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i have a clear bra installed, most people won't notice it is there. it's better than the terrible leather bra people used to use. it gives peace of mind from chips and light scratches
 

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i have a clear bra installed, most people won't notice it is there. it's better than the terrible leather bra people used to use. it gives peace of mind from chips and light scratches
Have you lifted the clear bra and looked at all of the crud that's been collected underneath (look along the edges), and is rubbing on your paint as your clear bra shifts in the wind (even ever so slightly)?
 

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Err, "clear bra" is the common term for 3m vinyl...
Thanks man. "clear bra" is a new one on me (outside of the freaky stuff that shows up on the Victoria Secrets catalog.) I was picturing a strap-on clear plastic baggie looking thing...and scratching my head.

So people cover parts of their car with clear vinyl? Never hear of such a thing, except for on the hood-pin thread, to protect the leading edge from moving pin lanyards.

How much surface do you cover (how far in from the front?) Wouldn't that weather differently than the clear-coat-on the paint, and become noticeable over time? And with the vinyl being softer than the paint/clear-coat, wouldn't it scuff and nick-up and look like crap after a while? I guess you could just peel it off and replace it when it does. Does anybody "clear wrap" their cars?
 

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Indeed. I'm not sure how much of the fascia and hood is covered on these cars, but on other cars it was the front and 4-6" of hood, give or take. I'm sure someone on one of these forums has pics floating around. You can also use some behind the wheels (1/4s) to prevent rock chips.

Both are somewhat noticeable, though. It's a trade off.
 

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Thanks man. "clear bra" is a new one on me (outside of the freaky stuff that shows up on the Victoria Secrets catalog.) I was picturing a strap-on clear plastic baggie looking thing...and scratching my head.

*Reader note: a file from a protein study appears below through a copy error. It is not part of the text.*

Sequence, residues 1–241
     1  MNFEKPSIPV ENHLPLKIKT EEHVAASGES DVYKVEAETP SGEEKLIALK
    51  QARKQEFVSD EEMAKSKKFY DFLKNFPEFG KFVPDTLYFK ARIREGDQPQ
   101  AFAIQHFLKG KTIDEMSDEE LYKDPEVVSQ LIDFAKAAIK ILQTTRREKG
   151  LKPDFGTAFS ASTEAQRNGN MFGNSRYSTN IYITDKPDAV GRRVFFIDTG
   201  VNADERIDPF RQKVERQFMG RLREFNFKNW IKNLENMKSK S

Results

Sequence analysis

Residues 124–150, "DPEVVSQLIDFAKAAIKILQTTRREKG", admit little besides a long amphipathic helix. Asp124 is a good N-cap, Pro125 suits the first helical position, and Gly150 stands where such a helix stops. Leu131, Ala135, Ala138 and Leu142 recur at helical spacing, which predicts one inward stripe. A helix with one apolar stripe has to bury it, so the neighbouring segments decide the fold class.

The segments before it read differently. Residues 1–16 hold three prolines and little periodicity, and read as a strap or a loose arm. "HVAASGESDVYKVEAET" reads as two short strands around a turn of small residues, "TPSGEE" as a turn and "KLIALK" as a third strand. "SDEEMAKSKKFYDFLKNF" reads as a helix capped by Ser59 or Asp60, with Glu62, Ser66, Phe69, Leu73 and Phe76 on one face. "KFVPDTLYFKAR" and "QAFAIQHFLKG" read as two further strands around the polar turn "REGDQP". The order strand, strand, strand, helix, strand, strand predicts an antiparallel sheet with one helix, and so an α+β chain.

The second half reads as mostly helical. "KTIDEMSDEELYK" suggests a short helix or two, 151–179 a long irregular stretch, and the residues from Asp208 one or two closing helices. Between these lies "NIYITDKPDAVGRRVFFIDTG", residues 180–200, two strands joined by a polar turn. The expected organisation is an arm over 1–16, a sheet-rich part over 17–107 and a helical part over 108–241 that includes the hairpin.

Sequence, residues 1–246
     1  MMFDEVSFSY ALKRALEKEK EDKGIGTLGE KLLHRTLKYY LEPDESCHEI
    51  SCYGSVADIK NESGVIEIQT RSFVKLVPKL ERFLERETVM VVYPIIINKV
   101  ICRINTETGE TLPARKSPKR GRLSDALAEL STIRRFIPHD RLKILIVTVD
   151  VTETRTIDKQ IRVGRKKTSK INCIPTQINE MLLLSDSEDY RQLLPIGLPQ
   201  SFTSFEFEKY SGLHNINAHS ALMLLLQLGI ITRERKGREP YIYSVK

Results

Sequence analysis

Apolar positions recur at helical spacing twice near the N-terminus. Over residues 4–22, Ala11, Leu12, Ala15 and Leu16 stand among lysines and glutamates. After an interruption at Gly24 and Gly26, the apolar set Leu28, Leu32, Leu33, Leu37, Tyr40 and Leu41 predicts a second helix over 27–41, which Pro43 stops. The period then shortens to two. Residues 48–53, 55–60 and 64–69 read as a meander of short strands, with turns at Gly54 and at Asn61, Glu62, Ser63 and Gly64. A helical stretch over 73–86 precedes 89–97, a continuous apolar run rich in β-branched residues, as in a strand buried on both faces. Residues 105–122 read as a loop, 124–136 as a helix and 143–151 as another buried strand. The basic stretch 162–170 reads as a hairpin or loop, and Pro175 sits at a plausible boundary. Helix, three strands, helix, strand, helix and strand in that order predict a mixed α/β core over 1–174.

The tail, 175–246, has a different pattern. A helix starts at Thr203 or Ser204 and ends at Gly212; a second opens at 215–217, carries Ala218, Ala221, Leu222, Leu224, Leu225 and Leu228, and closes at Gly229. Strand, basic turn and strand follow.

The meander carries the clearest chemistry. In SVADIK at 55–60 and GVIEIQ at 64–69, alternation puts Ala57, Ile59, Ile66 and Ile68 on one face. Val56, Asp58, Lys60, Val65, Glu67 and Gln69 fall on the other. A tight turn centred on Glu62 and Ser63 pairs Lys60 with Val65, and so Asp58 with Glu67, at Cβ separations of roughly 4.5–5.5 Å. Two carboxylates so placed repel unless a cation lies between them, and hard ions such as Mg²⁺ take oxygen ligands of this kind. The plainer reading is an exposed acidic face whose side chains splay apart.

So people cover parts of their car with clear vinyl? Never hear of such a thing, except for on the hood-pin thread, to protect the leading edge from moving pin lanyards.

How much surface do you cover (how far in from the front?) Wouldn't that weather differently than the clear-coat-on the paint, and become noticeable over time? And with the vinyl being softer than the paint/clear-coat, wouldn't it scuff and nick-up and look like crap after a while? I guess you could just peel it off and replace it when it does. Does anybody "clear wrap" their cars?
A lot of cars that have low / sloped front ends as many sports cars and exotics - they'll put clear paint protection film on the bumper cover, fenders and some distance up the hood. If they get driven a lot they're more susceptible to getting chips all up the hood and fenders.

On Challengers I've seen the vertical faces on the front bumper to where the whole thing was covered and some up on the hood.

The higher end versions have "self-healing" properties for nicks and marring - if it gets enough damage, it gets replaced. The older films would yellow, but the newer materials seem to hold up much better than the early days.

Then there's the entire car wrap thing - some cars had color changes, matte finishes and there's more Nissan GT-R that was rolling around that had mirror finish wrap on the entire car...don't get that trend and it costs four digit figures to do that stuff.